That Perfect Day For Whitetail
by Peggy Goodrich
Ohio –-(AmmoLand.com)- IT’S HERE! Finally, the day I have been anticipating all year is here. So many preparations have been made to ensure the events that take place on this day operate smoothly.
The scouting for that perfect shooter is complete. The spot within the whitetails area has been freed up from small twigs that would have surely been an obstruction at that critical moment.
All the calls are placed in the perfect pocket for access ease. The bows have been waxed up, sighted in and tuned to perfection. That number one arrow, through many practice shots, has been carefully chosen and placed in its position within the quiver. The climbers have been inspected to ensure the safety during that moment when the only thought is of making that shot. The camo is ready to be worn, the boots are ready to be tied, and the scent killers are ready to be applied so the prey will not be aware of human presence. All of these things were done, for this special day, with the same special attention as all of the years that have gone before.
A countless number of hours have been spent dwelling on every minute of how this morning will be spent. When to wake up, when to load up, and when to shut up. One slip up on this morning could change the memories that are about to be made. One infraction can and will change history. Not history that would concern the world but the type of history that on an individual level affects many “round these parts.” The kind of history that brings family and friends closer together. So many scenarios to go through. What’s the yardage? Will the wind be blowing at that critical second. Stop shaking! Keep the fingers open and the elbow up. When to take the shot. Don’t wait to long and don’t be afraid to breath.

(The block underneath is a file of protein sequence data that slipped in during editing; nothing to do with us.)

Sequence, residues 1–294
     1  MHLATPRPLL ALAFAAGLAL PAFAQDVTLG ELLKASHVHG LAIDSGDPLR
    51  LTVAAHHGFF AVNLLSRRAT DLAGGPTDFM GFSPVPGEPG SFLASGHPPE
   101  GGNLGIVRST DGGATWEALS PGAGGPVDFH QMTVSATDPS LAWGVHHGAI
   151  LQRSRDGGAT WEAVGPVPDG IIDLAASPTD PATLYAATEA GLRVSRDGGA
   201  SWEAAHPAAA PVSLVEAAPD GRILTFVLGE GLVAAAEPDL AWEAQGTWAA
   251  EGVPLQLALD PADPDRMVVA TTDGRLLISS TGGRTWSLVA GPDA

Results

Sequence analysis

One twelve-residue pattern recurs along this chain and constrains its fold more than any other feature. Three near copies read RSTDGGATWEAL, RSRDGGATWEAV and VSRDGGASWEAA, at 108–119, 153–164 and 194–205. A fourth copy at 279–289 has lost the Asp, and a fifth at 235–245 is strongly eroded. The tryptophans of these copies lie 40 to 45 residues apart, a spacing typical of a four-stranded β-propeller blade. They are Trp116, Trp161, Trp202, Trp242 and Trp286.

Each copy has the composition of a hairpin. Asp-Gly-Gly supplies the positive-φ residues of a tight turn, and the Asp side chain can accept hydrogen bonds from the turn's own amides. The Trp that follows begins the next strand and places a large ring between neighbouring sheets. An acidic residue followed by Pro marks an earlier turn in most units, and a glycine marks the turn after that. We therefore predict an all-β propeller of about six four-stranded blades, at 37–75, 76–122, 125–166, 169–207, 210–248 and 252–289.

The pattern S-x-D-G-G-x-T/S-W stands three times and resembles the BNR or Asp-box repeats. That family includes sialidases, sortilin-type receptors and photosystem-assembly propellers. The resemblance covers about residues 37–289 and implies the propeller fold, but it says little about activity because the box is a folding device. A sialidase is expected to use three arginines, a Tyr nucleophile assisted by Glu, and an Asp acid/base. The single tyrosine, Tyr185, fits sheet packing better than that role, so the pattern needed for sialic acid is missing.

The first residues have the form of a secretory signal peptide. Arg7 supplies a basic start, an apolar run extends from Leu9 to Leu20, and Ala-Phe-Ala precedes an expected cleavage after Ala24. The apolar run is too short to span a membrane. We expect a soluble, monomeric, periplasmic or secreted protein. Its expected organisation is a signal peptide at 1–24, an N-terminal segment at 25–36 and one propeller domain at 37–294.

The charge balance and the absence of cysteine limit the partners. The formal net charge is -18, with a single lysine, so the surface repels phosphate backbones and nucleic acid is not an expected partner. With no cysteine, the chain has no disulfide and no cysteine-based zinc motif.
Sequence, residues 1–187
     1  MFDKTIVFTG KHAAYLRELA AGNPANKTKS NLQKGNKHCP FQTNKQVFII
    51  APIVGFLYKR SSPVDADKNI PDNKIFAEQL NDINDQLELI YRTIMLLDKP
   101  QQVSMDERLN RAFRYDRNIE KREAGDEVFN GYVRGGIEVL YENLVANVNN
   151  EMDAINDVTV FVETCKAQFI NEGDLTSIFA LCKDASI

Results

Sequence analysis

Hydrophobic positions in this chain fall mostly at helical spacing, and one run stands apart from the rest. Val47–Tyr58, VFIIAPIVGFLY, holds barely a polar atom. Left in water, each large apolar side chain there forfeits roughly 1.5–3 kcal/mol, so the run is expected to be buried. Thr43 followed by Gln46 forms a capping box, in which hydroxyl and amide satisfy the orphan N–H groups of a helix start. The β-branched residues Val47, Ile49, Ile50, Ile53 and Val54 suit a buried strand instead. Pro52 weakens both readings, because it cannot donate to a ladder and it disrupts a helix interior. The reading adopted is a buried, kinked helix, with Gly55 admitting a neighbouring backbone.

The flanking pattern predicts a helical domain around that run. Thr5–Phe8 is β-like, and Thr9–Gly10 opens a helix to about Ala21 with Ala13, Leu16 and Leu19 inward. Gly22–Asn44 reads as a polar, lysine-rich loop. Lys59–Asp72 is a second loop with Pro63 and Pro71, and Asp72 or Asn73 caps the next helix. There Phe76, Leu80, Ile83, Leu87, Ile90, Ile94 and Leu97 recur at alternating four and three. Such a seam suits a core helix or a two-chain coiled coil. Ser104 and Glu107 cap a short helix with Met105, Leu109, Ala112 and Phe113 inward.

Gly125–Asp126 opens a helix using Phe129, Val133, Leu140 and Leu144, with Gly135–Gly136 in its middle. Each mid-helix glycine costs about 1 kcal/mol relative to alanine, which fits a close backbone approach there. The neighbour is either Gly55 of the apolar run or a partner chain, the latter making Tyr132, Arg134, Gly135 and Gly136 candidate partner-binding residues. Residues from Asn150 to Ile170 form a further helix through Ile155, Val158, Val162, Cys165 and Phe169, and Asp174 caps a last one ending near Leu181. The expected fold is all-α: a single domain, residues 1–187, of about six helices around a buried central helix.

Upon waking before the others at 3:30 am on this perfect day , I smell the crispness in the air. That crispness that is only there this time of year. The crispness that says it’s time to hunt. As that cool feeling fills my nasal passages, the excitement from memories of this particular day from years gone by fill my head. I arise from my bed and make my way to the coffee pot, being careful not to trip over the bow cases and backpacks in the dimly lit living room.
The breeze floating through the open window tells me they are out there. Out there unsuspecting of what this day is and how there fate may soon change. There is only one living creature that causes that distinct aroma of the earth being pawed at.
A buck! A shooter BUCK! I know he is out there and I know I will get to see him on this day. My mind drifts off wondering how big he will be. How many steaks will be grilled, how jerky will be seasoned and of course how many points and how will he score. The only thing is, I will not be there when the shot is made.
You see, my responsibility on this very special day is not to hunt, and not to make that perfect shot and not to bring home that perfect trophy. Mine is to make sure the morning is started with substance. Substance that will ensure the trembling in their knees is the result of the anticipation and thrill of the hunt, better known as buck fever. My responsibility is to be the mom and wife that stays behind and cleans up the mess caused from that perfect breakfast that begins each perfect memory on every perfect year on the first day of bow season.
Peggy is the wife of Tony Goodrich, Co-Coordinator for Perry County FHFH, Ohio.
Farmers and Hunters Feeding the Hungry (FHFH) is an outreach ministry of the people of God called upon to feed venison to the hungry among us nationwide. Visit FHFH.org